He started at the sound of footsteps in the corridor, stuffed the photographs back in the file and the file back in the drawer and sat his ass back in the chair as fast as he could. The door opened and Demetriou breezed in, slipping her cellphone back into the pocket of her lab coat. She smelled nice, Dean noticed as she passed him and slid into her chair. Kinda fruity.

Dean snorted. Sniffing people—that was something Cas would do, not him. Maybe he really was losing it in here.

(He forced himself not to picture Cas, the night he left. How damn human he’d looked, dozing in one of the library chairs. How selfishly grateful Dean had been that he wasn’t awake to try and stop him walking out the door.)

Demetriou shot him a look. “Something funny, Dean?”

Reflexively, he grinned back at her before he said, “No, it really ain’t.”

“But it’s bothering you, isn’t it?” She tilted her head, and dark shiny curls tumbled forward over her shoulder. “What happened to Driscoll?”

Dean shrugged. “Some dude gets whacked and I get the blame for it? No offense, but what did they teach you in shrink school? Pretty sure not being bothered about it would make me crazier.”

Demetriou nodded. “But most people wouldn’t obsess, either. Why were you snooping around Petey’s room? Because you suspect him?”

“Pretty sure wanting to know who the killer I’m locked in with ain’t so crazy either.”

“You’re locked in with more than one killer, Dean.” Demetriou leaned forward across her desk, her fixed on his, her expression all you-can-talk-to-me sympathy. “I think you want Peter to be responsible so you can stop worrying about whether the staff were right to suspect you. You want him to be the violent one, so you don’t have to be.”

This time, Dean did laugh, even if he felt more like choking. “Trust me, Doc, I know that ship’s sailed.”

“Do you?” Demetriou held his gaze for a moment, but before Dean could scrape up a what the fuck is that supposed to mean?, she pursed her lips and said, “Let’s talk about something else for a moment.”

“Sure thing.” Dean lifted an eyebrow. “What do you wanna talk about? Brangelina? How are the Nicks doing? Got any opinions on Obamacare?”

Demetriou sighed and pushed her hair out of her face. “Actually, I’d rather talk about deflection.”

“Well, Doc, I don’t think you got anything to worry about in the mirror department.” Dean gave her a wink, then thought maybe it had come off a little more exaggerated than he was aiming for.

She just nodded, though. “Yes, that’s exactly what I want to talk about.” She paused, looking at him thoughtfully over her steepled fingertips. Her nails were painted, dark red polish the color of plums. “You were admitted here voluntarily, Dean. If I remember correctly, you said that you needed help.”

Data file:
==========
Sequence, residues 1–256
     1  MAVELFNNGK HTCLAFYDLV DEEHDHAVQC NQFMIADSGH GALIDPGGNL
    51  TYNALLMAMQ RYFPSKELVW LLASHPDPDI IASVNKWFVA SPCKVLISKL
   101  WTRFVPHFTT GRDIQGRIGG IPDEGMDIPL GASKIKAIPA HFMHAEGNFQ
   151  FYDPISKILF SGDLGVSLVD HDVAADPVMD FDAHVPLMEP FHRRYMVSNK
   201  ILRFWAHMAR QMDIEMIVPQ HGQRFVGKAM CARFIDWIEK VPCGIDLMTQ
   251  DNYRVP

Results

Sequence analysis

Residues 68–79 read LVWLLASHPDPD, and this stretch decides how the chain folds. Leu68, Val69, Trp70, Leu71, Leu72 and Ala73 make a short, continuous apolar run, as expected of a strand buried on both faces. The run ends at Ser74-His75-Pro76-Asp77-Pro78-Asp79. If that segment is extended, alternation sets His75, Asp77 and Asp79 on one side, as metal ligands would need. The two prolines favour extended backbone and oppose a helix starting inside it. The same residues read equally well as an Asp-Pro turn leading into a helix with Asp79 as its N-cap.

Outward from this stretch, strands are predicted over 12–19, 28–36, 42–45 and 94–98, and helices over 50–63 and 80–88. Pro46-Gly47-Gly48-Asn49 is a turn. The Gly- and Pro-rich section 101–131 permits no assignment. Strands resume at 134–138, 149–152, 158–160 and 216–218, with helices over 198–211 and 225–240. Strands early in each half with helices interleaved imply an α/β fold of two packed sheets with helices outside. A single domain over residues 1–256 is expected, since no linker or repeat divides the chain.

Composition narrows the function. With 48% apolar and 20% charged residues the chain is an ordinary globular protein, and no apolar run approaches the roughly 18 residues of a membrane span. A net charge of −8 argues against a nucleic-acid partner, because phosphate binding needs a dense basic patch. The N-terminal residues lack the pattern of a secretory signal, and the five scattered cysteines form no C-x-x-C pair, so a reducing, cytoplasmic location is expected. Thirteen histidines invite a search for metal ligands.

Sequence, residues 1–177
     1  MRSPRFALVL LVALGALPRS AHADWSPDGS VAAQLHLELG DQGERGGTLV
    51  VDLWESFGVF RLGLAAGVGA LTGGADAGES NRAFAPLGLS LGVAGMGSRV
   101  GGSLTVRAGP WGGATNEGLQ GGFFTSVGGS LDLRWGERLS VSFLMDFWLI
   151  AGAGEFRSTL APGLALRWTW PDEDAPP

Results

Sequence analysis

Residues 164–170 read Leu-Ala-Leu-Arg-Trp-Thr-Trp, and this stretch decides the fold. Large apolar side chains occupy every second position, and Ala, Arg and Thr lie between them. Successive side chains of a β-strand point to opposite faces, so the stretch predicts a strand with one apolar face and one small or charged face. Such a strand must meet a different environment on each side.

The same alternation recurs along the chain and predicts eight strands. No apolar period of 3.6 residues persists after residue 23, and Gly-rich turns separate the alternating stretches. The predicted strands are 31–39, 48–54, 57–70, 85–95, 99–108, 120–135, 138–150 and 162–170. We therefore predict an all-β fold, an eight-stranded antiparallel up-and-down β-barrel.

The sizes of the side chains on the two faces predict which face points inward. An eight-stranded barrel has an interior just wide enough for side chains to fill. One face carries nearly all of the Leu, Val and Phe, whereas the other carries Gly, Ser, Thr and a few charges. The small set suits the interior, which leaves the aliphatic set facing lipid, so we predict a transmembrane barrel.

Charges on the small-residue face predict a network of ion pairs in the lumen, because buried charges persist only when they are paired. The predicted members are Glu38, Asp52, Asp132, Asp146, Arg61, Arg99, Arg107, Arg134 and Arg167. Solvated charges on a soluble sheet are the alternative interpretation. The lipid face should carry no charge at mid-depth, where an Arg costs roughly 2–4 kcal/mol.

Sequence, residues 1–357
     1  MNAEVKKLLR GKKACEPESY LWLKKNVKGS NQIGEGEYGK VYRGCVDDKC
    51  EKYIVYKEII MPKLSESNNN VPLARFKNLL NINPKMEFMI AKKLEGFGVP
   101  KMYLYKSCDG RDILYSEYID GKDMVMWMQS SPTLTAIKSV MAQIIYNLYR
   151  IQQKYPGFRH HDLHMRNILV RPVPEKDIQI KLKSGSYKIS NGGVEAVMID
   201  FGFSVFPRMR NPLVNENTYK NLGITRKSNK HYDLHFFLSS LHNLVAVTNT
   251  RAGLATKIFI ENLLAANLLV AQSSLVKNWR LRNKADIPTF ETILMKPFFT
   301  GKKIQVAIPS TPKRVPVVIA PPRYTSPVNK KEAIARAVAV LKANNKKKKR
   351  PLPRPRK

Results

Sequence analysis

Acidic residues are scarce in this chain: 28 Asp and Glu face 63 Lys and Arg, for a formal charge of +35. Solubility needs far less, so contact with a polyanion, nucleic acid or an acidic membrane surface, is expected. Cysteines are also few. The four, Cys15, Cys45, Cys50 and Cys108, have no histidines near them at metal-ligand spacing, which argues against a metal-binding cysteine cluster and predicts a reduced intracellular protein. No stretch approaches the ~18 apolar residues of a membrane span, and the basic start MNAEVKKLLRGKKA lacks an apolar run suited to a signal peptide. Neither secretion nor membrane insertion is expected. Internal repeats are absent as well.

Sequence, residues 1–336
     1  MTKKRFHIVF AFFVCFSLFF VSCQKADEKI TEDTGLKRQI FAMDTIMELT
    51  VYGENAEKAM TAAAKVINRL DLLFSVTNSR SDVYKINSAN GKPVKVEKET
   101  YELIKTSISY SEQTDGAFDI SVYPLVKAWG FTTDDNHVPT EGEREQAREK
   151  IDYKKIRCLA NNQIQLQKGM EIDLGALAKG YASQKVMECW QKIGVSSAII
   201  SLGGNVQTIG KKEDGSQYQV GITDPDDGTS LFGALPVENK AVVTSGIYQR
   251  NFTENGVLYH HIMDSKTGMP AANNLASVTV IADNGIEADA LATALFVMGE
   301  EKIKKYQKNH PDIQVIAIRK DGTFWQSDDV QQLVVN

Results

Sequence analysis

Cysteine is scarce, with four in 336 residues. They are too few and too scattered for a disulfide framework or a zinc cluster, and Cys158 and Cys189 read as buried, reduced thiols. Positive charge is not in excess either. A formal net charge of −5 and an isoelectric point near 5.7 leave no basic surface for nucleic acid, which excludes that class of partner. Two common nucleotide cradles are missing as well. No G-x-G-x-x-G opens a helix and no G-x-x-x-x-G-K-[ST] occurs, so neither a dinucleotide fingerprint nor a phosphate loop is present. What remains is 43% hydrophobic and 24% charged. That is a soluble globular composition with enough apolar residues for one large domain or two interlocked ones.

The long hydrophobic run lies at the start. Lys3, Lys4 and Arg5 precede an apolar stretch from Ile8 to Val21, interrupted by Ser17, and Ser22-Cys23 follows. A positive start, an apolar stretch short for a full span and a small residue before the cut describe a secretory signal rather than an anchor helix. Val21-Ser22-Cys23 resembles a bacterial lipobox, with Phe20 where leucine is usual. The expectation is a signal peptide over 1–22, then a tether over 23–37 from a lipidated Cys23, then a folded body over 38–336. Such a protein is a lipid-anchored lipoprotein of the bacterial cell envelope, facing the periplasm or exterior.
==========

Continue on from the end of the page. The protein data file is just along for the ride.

Dean shifted uncomfortably in his chair. Had he said that? The actual admission process was kind of a blur, if he was honest, details lost in the wash of relief that had come with getting there before Sammy and Cas could catch up with him. He shrugged at the doc, the smile stiffening like plaster on his face. “Whatever you say.”

“And yet you’ve made no effort to engage during our sessions,” Demetriou pointed out. “Some of the men in here will never return to normal lives. Some of them would have nowhere to go if they could. But you, Dean—you have a family. They keep calling us.”

“They do, huh.” The words came out without Dean’s permission, and he looked down, wishing he could swallow them back. His throat felt dry.

She nodded. “They’re concerned for you. They want you to go home, or at least to see them. But you don’t seem interested. It’s as though you want to avoid the world.”

“Well, like I said, Doc, no offense. But maybe you don’t got me figured out as well as you thought. Because if you had a goddamn clue about me, you wouldn’t want me anywhere near the rest of the world, either. Hell, you’d probably throw in bonus handcuffs and a padded cell.”

“So perhaps you’ve given up. You don’t think you can save yourself.”

Dean shrugged. “What can I say? I’m a realist.”

Demetriou smiled a little, but her eyes were only half on Dean, like she was puzzling something out in her head. Which wasn’t how shrinks were supposed to act, Dean was pretty sure, but then what the hell did he know?

“So, you’re here because you think you’re dangerous, but you won’t help me deal with your issues.” She glanced down at the file on the desk—which, Dean realized, was his own. He hadn’t noticed that before, too focused on rooting through the file drawers.

“Well hey, don’t let me tell you how to do your job.”

“I don’t plan on it.” Demetriou smiled at him. “Do you want to know what I think?”

“I’m sure you’re gonna tell me.”

“You mean to say you’re not even a little curious?” She leaned toward him over the casefile, an amused quirk to her mouth.

Dean spread his hands. “Okay, fine. Shrink me.”

“Maybe you feel like the problem isn’t really yours at all. You don’t think talking to me will help, because helping you won’t help.” She paused. “You don’t think the problem is you at all.”

“Oh, believe me, I know I got problems.”

“That isn’t quite the same thing, though, is it?” Demetriou held his gaze. “And then there’s the fact you didn’t seek help until now, even with your history of violence. I think something happened. Something you’re blaming for your actions.” For a second, she brushed the crook of her arm with the tips of her fingers—just where the Mark sat, on Dean.

Maybe he’d been worrying at it again. He’d found himself touching it without thinking often enough, lately, that he’d kind of given up on trying not to. She must have noticed.

Not like she could’ve known what it was, though, right? Dean had never even heard a monster mention it before Cain.